For his new exhibition ‘Delta’, Colin Snapp confers a romantic poetry upon ‘intermediary’ objects referring simultaneously to phenomenological perception and artistic production.
A collection of tourist coach windows is installed on the gallery floor. For the artist, they contain ‘the history of a multitude of looks’. Both a comforting and reassuring presence for passengers, the glass panes also implement a physical disassociation between the present moment and the landscape as it passes by. By isolating these windows from their functional context, the internal / external distinction is dissolved and this perceptive filter that modifies reality is rendered visible. Beyond the multiple stories contained within the various windows, a critical view of our contemporary society emerges: one that reflects the effects of globalisation and of the virtual as they are embodied by passive tourists immobilised behind the windows of buses, the lenses of their sunglasses and cameras, and inevitably their smartphone screens. Superposed filters and the impulse to record moments of nature in the flatness of an image detail a desire to deny time, which in spite of attempts at distance and dissociation continues inexorably to slip away.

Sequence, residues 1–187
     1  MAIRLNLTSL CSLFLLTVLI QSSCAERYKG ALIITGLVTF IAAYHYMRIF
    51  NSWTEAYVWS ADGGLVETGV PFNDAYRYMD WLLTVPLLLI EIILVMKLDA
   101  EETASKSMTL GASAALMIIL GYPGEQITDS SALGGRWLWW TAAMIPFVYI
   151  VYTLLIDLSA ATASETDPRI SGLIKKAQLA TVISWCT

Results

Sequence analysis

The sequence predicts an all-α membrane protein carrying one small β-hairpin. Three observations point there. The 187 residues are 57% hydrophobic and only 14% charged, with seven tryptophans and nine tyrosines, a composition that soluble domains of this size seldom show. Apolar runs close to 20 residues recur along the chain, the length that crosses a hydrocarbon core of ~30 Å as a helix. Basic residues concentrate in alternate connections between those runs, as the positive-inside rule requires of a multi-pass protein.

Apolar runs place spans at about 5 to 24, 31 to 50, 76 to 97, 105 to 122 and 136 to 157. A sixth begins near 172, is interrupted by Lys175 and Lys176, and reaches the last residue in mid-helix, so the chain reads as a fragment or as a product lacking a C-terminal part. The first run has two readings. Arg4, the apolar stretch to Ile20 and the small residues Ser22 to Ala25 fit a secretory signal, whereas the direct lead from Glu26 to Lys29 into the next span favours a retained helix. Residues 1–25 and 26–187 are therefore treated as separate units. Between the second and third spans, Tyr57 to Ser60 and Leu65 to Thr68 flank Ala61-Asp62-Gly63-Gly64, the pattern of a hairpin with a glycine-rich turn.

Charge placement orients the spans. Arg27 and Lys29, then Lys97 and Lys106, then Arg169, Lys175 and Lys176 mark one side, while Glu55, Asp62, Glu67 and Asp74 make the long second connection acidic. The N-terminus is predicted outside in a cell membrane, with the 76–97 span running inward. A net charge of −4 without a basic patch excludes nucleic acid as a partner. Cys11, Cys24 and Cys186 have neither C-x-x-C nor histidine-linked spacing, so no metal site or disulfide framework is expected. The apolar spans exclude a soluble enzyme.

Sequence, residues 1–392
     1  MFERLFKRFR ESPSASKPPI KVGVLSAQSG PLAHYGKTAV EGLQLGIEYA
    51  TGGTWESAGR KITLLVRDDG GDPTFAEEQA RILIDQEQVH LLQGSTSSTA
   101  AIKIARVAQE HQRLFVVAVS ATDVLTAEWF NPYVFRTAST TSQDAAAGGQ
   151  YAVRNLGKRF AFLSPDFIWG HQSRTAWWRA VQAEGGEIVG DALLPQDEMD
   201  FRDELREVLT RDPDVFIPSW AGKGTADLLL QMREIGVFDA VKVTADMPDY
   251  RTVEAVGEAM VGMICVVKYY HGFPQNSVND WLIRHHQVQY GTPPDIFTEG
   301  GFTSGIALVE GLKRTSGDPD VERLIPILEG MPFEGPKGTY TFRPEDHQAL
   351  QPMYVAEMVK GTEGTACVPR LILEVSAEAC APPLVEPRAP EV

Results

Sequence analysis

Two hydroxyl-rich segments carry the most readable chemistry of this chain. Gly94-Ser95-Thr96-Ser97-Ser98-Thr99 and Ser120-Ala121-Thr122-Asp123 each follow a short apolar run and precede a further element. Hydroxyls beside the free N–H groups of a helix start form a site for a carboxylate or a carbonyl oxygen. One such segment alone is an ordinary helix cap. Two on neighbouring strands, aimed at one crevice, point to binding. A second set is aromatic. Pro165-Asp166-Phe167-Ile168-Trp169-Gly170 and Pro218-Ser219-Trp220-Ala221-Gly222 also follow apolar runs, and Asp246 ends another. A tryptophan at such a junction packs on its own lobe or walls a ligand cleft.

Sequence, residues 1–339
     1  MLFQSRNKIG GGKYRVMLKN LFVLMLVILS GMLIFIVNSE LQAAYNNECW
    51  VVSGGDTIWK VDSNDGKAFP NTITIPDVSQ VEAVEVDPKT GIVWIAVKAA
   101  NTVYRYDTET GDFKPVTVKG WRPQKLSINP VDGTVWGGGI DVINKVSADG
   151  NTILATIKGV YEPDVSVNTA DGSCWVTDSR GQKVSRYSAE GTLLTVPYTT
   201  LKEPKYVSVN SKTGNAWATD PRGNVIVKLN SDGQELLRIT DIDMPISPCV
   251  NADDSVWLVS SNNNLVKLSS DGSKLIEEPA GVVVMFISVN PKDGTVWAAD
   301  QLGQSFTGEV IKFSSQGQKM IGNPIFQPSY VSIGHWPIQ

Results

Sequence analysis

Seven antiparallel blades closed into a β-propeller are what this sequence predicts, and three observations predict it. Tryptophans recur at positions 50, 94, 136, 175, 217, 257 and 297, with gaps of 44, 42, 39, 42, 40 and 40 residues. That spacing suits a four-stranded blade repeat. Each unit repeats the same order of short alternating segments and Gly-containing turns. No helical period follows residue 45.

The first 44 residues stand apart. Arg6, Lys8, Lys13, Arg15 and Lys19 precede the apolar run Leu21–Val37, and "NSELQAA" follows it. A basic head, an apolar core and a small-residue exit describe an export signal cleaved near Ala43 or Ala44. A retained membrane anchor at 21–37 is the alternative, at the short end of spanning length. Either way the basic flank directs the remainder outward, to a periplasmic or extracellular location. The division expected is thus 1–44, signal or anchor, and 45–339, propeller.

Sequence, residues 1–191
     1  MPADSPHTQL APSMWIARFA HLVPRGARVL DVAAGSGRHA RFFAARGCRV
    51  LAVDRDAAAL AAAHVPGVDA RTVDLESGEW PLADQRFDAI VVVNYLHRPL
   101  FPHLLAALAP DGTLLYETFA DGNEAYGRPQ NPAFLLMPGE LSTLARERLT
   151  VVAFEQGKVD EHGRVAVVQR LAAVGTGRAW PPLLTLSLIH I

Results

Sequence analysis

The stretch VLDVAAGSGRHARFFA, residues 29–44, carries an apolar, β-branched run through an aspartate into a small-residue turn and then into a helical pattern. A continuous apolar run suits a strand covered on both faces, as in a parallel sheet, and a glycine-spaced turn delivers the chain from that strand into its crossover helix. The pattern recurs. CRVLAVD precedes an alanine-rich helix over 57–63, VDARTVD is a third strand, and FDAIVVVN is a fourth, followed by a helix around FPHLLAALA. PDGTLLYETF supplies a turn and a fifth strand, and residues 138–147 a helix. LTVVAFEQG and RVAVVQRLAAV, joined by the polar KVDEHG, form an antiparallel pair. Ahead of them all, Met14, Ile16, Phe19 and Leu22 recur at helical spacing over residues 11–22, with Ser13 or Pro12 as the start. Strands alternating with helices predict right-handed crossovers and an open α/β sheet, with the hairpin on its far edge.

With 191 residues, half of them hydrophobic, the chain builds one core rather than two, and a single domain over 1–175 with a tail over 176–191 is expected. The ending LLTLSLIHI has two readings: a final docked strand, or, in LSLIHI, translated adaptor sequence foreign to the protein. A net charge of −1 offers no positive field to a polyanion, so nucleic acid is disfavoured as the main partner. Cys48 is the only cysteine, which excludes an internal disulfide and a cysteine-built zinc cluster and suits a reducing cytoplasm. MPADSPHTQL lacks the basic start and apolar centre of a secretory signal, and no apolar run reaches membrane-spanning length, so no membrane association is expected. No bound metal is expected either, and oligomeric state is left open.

In the series IRND, the artist presents the infrared lenses which he uses to filter light during the filming of his video works and which were cracked or damaged following their use. These too are windows that modify the viewer’s perception, the viewer being both the one behind the camera lens and later the one who views the photograph. Beyond the filters, the images speak of travels and in particular moments of contemplation in extraordinary desert landscapes.
From this pictorial research around the potentialities of photographic objects to the criticism of their excessive use, Colin Snapp engages with the gaps between real experiences and the impulse to capture them. Snapp progressively invites us to delve into the real, into an exploration of nature and the modalities of sight by simultaneously associating the transparent, the translucent and the opaque.